*Please note, this blog was written while in the middle of the flu. Not just any flu, THE flu. The one that hit hard this week, spiking my fever to 103 and then took my entire body down to the depths of depravity with it. While I have been fever-free for 24 hours, it’s only been in the last 12 hours or so that I have started to feel human again. Bear with me and thanks for the grace this week.
Noll starts out with a bang, “The scandal of the evangelical mind is that there is not much of an evangelical mind.” He makes sure to delineate that it is actually American evangelicals who are generations behind in their thinking, for the graciousness of our global counterparts, lest they believe themselves to be caught up in sustaining a serious academic life as well. Of all people, Mark Noll, should know, right?
Mark Noll is currently a research professor at Regent College, and prior to that, was on faculty at both Notre Dame and Wheaton College. As a student, Noll attended Wheaton, Trinity Evangelical Divinity School and Vanderbilt University. Noll holds a bend towards teaching and writing on American church history, the Reformation, and most things related to American evangelicalism. What strikes me as odd about all this is that he is a product of the American education system, yet lambasts it in the very next breath. Noll really critiques higher education, yet says that we have to think “like a Christian” across the whole spectrum of learning, including everything from economics to the arts. Noll believes that it was fundraising and money that changed the American Education system. It was the high influx of money that changed seats on boards, changed Presidential foci, and lost the orthodoxy of faculty all around. “The effort to integrate religious faith with learning was either given up entirely, under the assumption that the pursuit of science carried with it no antecedent commitments to a worldview – or it was greatly modified, under the felt need to align religion with the certainties of modern thought.”
Interestingly, the defense of a Christian Liberal Arts education is making a strong contemporary comeback. In fact, the Council for Christian Colleges & Universities have the tagline, “Advancing Faith and Intellect for the Common Good.” A Christian liberal arts education has the ability to prepare students, not just for the vocation they might enter into, but the broader sense of the world. “Christians desperately need deep learning, not only in theology but in the wonder of God’s creation. What a gift it is to the church and to the world when a Christian liberal arts college graduates students who are not simply interested in a job or a career but who see their work as a calling.” It’s not just Christians who are saying this either. President and Vice-Chancellor of the University of British Columbia recently stated, “And I believe that I am a better scholar because of my liberal arts education, because it was intentionally diverse and heterogeneous, because it made me move outside of my comfort zone into areas of thought and discussion that were uncomfortable to me… it broadened my mind, it exercised my mind.”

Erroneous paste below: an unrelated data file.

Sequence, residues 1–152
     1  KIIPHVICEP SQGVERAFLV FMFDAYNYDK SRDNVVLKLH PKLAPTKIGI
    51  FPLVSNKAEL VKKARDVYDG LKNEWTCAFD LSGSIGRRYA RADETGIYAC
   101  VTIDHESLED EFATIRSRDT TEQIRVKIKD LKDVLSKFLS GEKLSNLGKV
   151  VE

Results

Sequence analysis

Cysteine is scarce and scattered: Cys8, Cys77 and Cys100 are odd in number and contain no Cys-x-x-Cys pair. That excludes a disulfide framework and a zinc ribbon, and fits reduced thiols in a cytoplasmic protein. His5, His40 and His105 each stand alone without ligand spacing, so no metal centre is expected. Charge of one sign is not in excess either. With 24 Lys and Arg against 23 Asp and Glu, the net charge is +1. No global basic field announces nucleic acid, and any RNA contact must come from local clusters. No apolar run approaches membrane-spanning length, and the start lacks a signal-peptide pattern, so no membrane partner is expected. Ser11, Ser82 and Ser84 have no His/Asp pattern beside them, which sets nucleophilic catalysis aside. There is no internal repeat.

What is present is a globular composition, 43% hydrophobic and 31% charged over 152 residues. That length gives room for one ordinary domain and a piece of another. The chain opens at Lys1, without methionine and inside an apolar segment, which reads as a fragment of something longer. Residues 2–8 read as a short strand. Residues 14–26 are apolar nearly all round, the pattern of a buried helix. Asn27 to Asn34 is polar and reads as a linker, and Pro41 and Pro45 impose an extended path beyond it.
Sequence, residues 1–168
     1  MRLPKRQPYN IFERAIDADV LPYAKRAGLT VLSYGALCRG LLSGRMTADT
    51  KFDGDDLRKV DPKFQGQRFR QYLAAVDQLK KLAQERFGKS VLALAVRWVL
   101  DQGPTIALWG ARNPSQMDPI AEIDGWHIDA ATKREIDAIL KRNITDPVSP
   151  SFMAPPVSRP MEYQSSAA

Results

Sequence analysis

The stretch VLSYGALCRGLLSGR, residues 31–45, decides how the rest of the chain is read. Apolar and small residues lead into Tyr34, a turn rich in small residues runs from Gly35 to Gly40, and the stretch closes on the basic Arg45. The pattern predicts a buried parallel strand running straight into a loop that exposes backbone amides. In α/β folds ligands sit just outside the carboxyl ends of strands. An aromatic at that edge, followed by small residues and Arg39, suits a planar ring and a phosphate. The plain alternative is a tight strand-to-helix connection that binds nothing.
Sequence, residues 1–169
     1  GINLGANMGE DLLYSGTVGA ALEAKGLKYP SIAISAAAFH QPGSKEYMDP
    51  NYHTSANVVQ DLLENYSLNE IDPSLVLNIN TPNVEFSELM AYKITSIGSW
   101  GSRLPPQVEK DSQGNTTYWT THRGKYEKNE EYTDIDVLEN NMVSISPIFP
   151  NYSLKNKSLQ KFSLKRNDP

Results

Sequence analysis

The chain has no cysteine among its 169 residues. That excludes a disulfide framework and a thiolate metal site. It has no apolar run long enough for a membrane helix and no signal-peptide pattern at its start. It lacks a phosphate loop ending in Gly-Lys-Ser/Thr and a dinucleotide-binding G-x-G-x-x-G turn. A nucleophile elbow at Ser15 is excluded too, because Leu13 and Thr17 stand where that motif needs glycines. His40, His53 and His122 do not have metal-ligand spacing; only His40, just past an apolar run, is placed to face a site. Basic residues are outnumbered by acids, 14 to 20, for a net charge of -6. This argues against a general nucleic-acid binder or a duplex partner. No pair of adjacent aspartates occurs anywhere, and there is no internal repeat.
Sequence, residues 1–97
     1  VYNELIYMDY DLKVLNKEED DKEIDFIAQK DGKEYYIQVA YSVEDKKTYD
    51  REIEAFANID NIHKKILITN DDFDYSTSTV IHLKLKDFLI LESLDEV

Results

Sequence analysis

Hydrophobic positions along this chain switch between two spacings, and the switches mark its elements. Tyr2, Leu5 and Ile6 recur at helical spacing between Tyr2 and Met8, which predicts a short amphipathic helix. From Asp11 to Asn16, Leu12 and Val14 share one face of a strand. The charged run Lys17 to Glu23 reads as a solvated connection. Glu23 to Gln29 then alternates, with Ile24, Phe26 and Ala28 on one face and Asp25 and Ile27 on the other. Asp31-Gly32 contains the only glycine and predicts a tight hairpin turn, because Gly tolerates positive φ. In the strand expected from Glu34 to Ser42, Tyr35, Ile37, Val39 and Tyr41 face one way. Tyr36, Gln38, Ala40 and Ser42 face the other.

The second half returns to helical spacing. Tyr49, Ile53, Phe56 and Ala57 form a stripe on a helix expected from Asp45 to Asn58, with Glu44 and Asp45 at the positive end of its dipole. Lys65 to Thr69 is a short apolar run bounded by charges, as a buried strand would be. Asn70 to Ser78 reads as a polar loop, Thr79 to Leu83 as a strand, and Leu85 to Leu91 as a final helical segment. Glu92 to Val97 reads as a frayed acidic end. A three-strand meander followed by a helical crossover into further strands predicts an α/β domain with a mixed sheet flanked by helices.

I would argue that our mind is only part of what makes us human. While it is a vital part, our mind is not the only thing that people should recognize as Christian in the world. I would hope that a university teaches students how to use their mind, and challenges us to integrate our thoughts into the advancement of the greater good for all people. Noll, who taught for many years at his own liberal arts alma mater, must know that it’s not just thought that fixes all things, but instead of a love of learning and a recognition of the world all being intertwined together by a deeper sense of vocation – doing what we were made to do.
 Mark Noll, The Scandal of the Evangelical Mind (Grand Rapids, MI: Wm. B. Eerdmans Publishing Company, 1994), 3.
 Ibid., 3.
 “Mark Noll, Ph.D.” Wheaton College Website: https://www.wheaton.edu/academics/school-of-biblical-and-theological-studies/faculty/faculty-emeriti/mark-noll-phd/
 Mark Noll, The Scandal of the Evangelical Mind (Grand Rapids, MI: Wm. B. Eerdmans Publishing Company, 1994), 7.
 Ibid., 110.
 Ibid.,, 112.
 “About” Council for Christian Colleges & Universities Website: https://www.cccu.org/about/
 Kelly Kapic, “Why We Still Need Christian Colleges,” Christianity Today. September 18, 2019. https://www.christianitytoday.com/ct/2019/october/kapic-we-need-christian-liberal-arts-colleges.html?share=5uoi1uOzKCnPHCc1kMMm283gNNQrEvVK
 “Education Without Liberal Arts is a Threat to Humanity Argues UBC President”, CBC Radio Canada Website, January 14, 2020. https://www.cbc.ca/radio/ideas/education-without-liberal-arts-is-a-threat-to-humanity-argues-ubc-president-1.5426112?__vfz=medium%3Dsharebar&fbclid=IwAR04b731pRmZ45bhcEDrMBkPW9mMa4GhPsq06si81RWutxAiHkBrk7WQmAc